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Multi-Unit Dwellings: Questions & Answers

Oregon law gives an exemption from the payment of minimum wage and overtime for managers, assistant managers and maintenance employees at multi-unit accommodations that provide temporary or permanent lodging. The employee must live on the premises of the complex where employed if the exemption is to apply. ORS 653.020(9) Federal law does not provide the same exemption. If there is federal coverage employees must be paid the federal minimum wage and appropriate overtime. In general, there is federal coverage when the employer generates a gross annual volume of $500,000 or more. For more information about federal coverage call 503-326-3057.
 
Q. Is it necessary to pay minimum wage and overtime to apartment managers who live on the premises of a small apartment complex which grosses less than $500,000 per year?
A. No. As long as the manager lives on the premises the exemption applies. In addition, individuals hired to assist the manager and maintenance employees who also live on the premises are exempt as long as there is no federal coverage.
 
Q. If an owner has three complexes which gross $180,000, $175,000, and $150,000 respectively, does the exemption apply for each?
A. No. In order to qualify for the exemption, the combined annual gross income from all properties must be less than $500,000. Since the gross in this example is $505,000, the exemption does not apply.
 
Q. If a relief manager stays on the premises while the resident manager is on vacation, does the exemption apply?
A. No. Since the employee would not be domiciled at the complex, the exemption would not apply and minimum wage and overtime must be paid. When employees work shifts of 24 hours or more the employer and employee may agree to deduct up to eight hours of sleep time, bona fide meal periods and other periods when the employee is completely relieved of all duties. If there is no agreement providing for these deductions, all hours must be compensated. When sleep time is interrupted, that time must be paid. If the interruptions are so frequent that the employee is unable to get at least five continuous hours of sleep, then the employer must pay all of the sleep time.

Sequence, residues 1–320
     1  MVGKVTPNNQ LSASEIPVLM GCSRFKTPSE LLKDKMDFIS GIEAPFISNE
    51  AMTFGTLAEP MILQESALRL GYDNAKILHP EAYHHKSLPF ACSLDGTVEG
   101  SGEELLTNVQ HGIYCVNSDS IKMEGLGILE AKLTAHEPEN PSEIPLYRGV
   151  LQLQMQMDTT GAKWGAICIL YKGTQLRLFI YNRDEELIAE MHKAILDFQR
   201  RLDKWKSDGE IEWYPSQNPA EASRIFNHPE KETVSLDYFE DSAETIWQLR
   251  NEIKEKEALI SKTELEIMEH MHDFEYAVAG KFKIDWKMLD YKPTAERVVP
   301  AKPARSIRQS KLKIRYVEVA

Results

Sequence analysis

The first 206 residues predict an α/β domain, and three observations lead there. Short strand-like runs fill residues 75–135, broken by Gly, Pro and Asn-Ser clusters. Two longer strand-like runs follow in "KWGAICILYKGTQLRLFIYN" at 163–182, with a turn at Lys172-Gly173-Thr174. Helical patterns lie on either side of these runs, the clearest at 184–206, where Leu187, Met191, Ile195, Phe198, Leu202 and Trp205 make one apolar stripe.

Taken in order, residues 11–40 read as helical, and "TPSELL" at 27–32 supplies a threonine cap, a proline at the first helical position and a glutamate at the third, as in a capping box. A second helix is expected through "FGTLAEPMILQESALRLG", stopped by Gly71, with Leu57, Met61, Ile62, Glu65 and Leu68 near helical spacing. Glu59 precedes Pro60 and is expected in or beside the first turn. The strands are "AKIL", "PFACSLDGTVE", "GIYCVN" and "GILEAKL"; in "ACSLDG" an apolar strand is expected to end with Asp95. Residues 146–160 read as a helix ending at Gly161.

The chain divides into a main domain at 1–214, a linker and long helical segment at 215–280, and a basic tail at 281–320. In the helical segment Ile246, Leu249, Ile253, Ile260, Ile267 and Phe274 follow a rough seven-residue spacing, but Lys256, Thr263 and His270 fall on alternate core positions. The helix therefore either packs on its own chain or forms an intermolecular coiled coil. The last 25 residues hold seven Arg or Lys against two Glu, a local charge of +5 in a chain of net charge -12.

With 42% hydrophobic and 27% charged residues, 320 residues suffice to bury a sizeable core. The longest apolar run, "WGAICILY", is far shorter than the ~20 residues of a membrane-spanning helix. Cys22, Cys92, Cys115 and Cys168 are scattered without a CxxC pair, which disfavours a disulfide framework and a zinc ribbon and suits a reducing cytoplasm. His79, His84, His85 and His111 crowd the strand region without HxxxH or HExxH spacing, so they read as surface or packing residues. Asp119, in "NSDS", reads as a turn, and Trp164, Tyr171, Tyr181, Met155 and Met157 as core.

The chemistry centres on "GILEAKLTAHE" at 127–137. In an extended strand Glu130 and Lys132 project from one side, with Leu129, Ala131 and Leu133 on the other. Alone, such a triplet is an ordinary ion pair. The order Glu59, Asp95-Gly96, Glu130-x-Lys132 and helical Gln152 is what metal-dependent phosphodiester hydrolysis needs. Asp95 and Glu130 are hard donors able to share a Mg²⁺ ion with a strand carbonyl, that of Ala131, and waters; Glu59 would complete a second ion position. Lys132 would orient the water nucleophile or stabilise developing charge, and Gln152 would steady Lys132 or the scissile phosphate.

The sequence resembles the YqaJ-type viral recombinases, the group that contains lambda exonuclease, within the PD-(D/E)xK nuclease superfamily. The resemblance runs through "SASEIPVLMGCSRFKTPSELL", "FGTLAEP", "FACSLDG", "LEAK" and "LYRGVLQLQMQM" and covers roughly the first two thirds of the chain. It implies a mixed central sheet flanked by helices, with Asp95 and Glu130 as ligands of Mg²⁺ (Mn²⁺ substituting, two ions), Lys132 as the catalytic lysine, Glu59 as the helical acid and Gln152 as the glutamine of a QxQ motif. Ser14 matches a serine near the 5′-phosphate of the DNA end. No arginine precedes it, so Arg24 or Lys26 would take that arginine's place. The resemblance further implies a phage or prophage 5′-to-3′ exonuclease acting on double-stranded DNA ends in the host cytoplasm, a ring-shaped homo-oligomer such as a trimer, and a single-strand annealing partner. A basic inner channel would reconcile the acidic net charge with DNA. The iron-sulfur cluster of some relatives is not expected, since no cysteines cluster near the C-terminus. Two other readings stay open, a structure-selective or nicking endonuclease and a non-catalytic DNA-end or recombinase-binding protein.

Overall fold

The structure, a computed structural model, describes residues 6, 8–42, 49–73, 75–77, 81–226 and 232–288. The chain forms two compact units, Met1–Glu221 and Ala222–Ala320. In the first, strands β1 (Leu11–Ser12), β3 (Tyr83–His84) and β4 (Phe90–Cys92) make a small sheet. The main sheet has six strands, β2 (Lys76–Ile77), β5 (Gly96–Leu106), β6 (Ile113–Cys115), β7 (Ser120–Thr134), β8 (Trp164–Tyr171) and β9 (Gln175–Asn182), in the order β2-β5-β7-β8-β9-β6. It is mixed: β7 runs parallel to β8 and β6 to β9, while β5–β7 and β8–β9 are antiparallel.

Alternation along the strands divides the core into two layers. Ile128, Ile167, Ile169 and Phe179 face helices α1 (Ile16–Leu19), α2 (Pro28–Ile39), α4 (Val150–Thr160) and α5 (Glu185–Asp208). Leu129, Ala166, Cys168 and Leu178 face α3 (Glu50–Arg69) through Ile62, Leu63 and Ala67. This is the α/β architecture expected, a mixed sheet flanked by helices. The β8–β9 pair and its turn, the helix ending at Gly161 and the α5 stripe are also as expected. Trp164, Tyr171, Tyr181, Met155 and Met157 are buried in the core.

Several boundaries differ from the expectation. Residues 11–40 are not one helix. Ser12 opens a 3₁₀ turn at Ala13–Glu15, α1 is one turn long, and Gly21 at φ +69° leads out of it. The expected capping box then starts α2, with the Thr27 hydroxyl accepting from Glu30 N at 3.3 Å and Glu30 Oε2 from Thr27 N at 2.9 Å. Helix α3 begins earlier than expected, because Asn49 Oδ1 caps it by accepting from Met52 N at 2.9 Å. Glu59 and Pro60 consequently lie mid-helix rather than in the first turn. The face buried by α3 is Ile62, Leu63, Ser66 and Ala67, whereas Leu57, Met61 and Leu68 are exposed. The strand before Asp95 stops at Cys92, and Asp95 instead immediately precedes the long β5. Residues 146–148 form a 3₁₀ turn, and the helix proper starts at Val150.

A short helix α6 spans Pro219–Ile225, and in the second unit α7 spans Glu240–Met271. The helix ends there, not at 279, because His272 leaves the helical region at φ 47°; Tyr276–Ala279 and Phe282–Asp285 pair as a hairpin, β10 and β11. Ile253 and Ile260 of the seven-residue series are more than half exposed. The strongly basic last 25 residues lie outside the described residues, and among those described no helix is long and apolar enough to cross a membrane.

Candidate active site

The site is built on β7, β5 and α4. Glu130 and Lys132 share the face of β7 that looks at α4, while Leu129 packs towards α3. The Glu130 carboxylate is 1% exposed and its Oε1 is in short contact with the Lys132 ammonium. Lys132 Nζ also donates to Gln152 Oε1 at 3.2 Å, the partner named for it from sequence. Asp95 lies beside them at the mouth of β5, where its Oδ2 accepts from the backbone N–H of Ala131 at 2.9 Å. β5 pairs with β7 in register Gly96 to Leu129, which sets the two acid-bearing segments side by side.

Q. How are compensable hours determined for employees who live on the premises when there is federal coverage?
A. When employees live on the premises, it is difficult to determine the exact number of hours worked and any reasonable agreement that takes into consideration all of the pertinent facts will be accepted. Employers should take care to document the agreement in writing and be certain that employees will be properly compensated for all hours worked. 

 

DISCLAIMER
 
Nothing on this website is intended as legal advice.  Any responses to specific questions are based on the facts as we understand them, and not intended to apply to any other situations.  This communication is not an agency order.  If you need legal advice, please consult an attorney.  We attempt to update the information on this website as soon as practicable following changes or developments in the laws and rules affecting Oregon employers, but we make no warranties or representations, express or implied, about whether the information provided is current.  We urge you to check the applicable statutes and administrative rules yourself and to consult with legal counsel prior to taking action that may invoke employee rights or employer responsibilities or omitting to act when required by law to act.
 
 
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